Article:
|Tuesday, August 13
Selig helps Doubleday, Wilpon reach deal
NEW YORK -- Nelson Doubleday agreed Tuesday to sell his 50 percent of the New York Mets to co-owner Fred Wilpon, settling an ugly lawsuit filled with accusations of misconduct.
Wilpon sued Doubleday last month in federal court to try to force a sale of his partner's 50 percent share based on a $391 million appraisal of the team made in March by Robert Starkey.
There was no immediate word on the price Doubleday will receive as part of the agreement, which was first reported Tuesday on Newsday's Web site.
Under the Starkey appraisal, Doubleday would have received $137.9 million -- half the team's value, after adjustments for the team's debt.
"I think there was always stability, but now the dispute seems to be settled and that's terrific,'' Mets manager Bobby Valentine said. "Wilpon ownership is as good as it gets.''
Wilpon has been more involved in the team's daily operations in recent years.
"On a day-to-day basis, it won't change what I do,'' general manager Steve Phillips said. "I think it's business as usual.''
In addition to a higher appraisal, Doubleday had been seeking provisions for an additional payment in the event the Mets move into a new ballpark, which would increase the team's value.
Dick Cummins, a Doubleday adviser, confirmed the agreement but would not elaborate, and Wilpon spokesman Richard Auletta said the announcement of the settlement by commissioner Bud Selig "speaks for itself.''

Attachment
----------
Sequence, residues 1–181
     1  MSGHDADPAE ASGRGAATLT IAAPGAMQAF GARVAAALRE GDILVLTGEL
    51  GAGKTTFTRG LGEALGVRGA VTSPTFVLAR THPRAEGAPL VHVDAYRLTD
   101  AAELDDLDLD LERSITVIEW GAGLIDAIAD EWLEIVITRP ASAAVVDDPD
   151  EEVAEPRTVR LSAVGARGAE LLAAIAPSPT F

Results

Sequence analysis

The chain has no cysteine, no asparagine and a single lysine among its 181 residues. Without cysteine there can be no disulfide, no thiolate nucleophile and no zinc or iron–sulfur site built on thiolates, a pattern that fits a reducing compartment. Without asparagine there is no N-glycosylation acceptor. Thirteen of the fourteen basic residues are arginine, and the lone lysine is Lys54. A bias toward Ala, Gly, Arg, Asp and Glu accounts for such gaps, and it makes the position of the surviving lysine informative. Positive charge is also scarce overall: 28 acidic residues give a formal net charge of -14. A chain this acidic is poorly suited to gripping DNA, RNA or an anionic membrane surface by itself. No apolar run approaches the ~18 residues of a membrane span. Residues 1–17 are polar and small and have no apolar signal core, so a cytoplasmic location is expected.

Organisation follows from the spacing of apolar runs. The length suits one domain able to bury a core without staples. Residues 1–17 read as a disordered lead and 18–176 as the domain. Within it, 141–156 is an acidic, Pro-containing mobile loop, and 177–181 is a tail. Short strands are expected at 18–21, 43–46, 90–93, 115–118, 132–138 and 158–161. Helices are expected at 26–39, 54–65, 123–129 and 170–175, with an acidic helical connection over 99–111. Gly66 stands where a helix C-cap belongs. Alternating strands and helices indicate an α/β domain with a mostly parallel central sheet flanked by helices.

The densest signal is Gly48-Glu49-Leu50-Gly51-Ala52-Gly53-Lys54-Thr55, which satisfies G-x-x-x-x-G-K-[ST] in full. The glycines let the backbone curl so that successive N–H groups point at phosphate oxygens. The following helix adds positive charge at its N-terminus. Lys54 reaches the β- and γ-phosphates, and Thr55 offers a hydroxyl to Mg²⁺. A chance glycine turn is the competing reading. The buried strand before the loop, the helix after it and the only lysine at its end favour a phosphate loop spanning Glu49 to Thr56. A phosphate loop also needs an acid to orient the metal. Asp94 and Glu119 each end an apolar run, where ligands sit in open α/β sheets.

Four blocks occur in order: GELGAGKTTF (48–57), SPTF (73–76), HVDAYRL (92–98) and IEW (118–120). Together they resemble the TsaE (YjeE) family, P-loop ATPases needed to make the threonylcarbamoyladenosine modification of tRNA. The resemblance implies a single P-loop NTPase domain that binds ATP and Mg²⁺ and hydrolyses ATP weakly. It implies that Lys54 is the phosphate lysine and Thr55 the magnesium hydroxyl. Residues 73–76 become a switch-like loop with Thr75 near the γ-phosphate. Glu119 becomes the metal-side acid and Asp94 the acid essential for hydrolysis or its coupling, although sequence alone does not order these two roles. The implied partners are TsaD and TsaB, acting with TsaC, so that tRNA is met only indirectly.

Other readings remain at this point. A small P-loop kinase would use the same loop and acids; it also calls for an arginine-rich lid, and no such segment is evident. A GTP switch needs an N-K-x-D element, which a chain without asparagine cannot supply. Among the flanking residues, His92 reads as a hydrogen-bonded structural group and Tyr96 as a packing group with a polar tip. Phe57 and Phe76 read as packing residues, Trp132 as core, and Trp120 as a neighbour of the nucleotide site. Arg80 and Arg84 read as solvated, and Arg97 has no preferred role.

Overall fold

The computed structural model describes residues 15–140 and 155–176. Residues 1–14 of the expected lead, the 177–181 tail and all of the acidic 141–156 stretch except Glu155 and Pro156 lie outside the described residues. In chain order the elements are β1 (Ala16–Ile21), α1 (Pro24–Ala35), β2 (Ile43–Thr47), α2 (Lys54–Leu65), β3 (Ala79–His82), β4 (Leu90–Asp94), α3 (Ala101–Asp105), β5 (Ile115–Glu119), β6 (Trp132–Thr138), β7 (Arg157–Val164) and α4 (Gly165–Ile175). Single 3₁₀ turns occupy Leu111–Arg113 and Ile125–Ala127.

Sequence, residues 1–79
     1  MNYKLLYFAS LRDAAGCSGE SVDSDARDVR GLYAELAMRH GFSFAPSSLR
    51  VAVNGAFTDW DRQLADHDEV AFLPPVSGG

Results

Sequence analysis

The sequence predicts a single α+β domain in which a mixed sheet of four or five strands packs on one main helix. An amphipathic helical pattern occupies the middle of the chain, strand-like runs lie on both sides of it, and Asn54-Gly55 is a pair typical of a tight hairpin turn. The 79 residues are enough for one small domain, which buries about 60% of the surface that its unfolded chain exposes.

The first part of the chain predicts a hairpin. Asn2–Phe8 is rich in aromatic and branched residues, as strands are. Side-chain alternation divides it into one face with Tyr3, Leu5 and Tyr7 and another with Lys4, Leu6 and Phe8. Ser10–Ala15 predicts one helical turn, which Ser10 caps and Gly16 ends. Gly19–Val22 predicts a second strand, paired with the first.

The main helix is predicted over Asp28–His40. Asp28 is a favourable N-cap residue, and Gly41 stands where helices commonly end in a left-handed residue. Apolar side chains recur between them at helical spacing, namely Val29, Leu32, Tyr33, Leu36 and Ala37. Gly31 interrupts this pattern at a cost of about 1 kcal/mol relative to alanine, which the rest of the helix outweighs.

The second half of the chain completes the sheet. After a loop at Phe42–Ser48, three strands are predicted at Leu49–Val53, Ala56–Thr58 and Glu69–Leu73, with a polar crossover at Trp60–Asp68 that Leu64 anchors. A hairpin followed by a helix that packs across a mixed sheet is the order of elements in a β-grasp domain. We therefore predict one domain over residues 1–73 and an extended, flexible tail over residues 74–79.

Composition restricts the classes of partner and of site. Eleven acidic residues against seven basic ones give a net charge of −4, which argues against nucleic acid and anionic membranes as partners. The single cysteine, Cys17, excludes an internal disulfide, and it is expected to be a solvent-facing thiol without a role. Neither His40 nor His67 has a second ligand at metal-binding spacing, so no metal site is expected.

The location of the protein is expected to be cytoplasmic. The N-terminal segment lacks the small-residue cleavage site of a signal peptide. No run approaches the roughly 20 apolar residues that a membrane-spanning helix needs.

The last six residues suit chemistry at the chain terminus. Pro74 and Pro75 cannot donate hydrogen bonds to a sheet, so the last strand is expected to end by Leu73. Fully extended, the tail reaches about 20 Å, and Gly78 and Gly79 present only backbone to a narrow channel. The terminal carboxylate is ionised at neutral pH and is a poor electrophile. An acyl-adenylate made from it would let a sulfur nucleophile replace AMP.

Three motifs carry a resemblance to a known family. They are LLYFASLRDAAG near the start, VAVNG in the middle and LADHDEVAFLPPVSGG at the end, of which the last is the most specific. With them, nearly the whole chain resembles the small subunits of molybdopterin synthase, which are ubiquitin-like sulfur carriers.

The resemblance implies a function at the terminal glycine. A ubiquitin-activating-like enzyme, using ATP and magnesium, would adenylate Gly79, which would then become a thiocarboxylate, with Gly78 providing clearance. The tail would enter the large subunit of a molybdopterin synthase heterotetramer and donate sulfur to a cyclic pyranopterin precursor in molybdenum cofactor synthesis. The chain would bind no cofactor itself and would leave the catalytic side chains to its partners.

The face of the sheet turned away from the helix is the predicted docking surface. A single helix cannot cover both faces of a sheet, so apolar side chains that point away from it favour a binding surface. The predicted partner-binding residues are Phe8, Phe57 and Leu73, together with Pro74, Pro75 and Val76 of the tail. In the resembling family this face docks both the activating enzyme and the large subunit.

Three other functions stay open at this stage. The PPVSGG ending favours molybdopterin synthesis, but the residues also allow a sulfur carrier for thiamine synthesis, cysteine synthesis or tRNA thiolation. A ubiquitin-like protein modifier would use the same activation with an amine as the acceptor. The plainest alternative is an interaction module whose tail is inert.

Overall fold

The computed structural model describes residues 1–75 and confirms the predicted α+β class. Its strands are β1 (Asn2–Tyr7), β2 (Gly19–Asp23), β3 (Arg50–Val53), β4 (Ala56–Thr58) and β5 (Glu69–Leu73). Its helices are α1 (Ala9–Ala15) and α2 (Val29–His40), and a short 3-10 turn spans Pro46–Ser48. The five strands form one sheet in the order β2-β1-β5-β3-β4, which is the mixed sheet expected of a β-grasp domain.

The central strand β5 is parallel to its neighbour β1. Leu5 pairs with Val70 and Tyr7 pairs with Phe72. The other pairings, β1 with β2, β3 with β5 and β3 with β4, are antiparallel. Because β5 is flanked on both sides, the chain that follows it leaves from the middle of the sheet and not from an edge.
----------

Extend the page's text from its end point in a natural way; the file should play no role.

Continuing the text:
Wilpon will move to dismiss his suit when the deal closes, Selig's office said. The commissioner's office said the sale is expected to close within 30 days.
"I was confident that at the end of the day they put their personal feelings aside and act in the best interests of the game,'' said Selig, whose mediation led to the settlement.
"We could not have completed the deal without the direct involvement and help of commissioner Selig,'' Wilpon said. "I am sorry the commissioner had to become involved.''
In a counterclaim last week, Doubleday asked the court to throw out the appraisal, claiming Starkey was biased because of his work for Selig.
Doubleday, saying the Mets were worth far more, claimed the commissioner's office was "in cahoots'' with Wilpon to put an artificially low value on the Mets, and said Starkey and Selig conspired to "manufacture phantom operating losses'' in baseball's books as part of its strategy in labor talks. Wilpon and major league baseball denied the allegations.
"I am pleased this is behind us,'' Doubleday said in a statement issued by the commissioner's office. "While I was not happy with the results of the appraisal, I deeply regret and apologize for the conclusions many drew from the papers that were filed last week by my lawyers.
"I did not in any way mean to impugn the integrity of the commissioner, who has been a longtime friend and will continue to remain one, or anyone from his office. Nor did I intend the counterclaim to get in the way of the ongoing collective-bargaining process. That was not my intent or goal. If it did, I apologize to the commissioner and to Don Fehr if it in any way had a negative effect on bargaining.''
Doubleday & Co., a publisher, bought the Mets in 1980 from the family of founding owner Joan Payson for $21.1 million, with the company owning 95 percent of the team and Wilpon owning 5 percent.
When Doubleday & Co. was sold to the media company Bertelsmann AG in 1986, the publisher sold its shares of the team for $80.75 million to Wilpon and Nelson Doubleday, who became 50-50 owners.